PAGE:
Developing Projects with Ape

Use ape init to create your project. A common project structure looks like this:

project                             # The root project directory
├── contracts/                      # Project source files, such as '.sol' or '.vy' files
│   └── smart_contract_example.sol  # Sample of a smart contract
├── tests/                          # Project tests, ran using the 'ape test' command
│   └──              # Sample of a test to run against your sample contract
├── scripts/                        # Project scripts, such as deploy scripts, ran using the 'ape run   <`name>' command
│   └──                   # Sample script to automate a deployment of an ape project
└── ape-config.yaml                 # The ape project configuration file

Notice that you can configure you ape project using the ape-config.yaml file. See the configuration guide for a more detailed explanation of settings you can adjust.

The Local Project

After you have a local project and you are in the directory of that project, the global project reference in Ape will refer to this project. You can see this by typing project in the ape console:

In [1]: project
Out[1]: <ProjectManager ~/ApeProjects/ape-demo-project>

In this case, my terminal’s current working directory is the same as a local project named ape-demo-project.

Other Projects

You can reference other local projects on your computer by using the Project factory class (notice the capital P):

from ape import Project

my_other_project = Project("../path/to/my/other/project")
_ = my_other_project.MyContract  # Do anything you can do to the root-level project.

Project Manifests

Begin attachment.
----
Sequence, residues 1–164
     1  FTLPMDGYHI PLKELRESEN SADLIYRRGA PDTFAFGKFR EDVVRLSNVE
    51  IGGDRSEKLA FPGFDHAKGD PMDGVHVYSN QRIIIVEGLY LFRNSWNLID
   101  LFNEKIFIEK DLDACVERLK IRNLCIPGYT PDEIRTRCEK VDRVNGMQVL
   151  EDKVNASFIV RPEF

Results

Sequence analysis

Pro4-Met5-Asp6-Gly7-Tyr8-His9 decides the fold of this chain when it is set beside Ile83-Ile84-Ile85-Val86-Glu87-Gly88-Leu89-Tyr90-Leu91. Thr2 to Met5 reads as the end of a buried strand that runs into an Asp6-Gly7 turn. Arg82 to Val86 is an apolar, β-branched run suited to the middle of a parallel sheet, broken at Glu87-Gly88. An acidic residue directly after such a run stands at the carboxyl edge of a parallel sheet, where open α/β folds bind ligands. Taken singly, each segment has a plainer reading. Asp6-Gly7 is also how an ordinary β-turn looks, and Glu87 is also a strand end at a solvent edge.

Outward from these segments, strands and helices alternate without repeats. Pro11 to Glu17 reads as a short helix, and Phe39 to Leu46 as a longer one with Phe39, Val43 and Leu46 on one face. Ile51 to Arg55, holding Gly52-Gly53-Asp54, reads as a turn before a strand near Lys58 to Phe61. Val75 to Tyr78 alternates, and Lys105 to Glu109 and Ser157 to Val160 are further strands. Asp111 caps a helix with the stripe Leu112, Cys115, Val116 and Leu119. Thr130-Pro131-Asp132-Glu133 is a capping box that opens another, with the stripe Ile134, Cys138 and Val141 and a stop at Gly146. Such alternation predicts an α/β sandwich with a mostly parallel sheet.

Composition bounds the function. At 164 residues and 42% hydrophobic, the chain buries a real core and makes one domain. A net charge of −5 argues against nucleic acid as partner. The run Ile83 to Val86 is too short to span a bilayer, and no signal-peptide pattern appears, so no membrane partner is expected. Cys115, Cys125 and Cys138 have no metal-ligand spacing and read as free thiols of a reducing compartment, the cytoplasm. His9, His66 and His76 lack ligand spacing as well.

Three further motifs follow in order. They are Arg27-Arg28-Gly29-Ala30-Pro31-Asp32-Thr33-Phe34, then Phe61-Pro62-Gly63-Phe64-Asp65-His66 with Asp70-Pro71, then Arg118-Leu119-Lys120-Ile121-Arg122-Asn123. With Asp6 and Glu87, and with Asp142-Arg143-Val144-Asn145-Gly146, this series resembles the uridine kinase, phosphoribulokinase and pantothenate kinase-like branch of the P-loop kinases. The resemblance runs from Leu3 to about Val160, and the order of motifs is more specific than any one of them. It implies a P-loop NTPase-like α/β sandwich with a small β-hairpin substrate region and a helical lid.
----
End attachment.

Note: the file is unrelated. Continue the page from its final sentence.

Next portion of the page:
Ape stores and caches artifacts in an EthPM package manifest. When working with local projects, the manifests get placed in the <project-path>/.build/__local__.json. However, you may obtain a manifest from a different location. If that is the case, you can create a project directly from the manifest itself:

from ape import Project

# Pass in a manifest (object or dictionary), or a path to a manifest's JSON file.
project = Project.from_manifest("path/to/manifest.json")
_ = project.MyContract  # Do anything you can do to the root-level project.


Use other projects as dependencies in Ape. There is an extensive guide you can read on this here. But it is important to note that the dependency system largely is dependent on the project system. Dependencies are just projects after all; projects containing source files you both use in your projects or compile independently.

For example, access a dependency project and treat it like any other project this way:

from ape import project

dependency = project.dependencies.get_dependency("my-dependency", "1.0.0")
contract_type = dependency.project.ContractFromDependency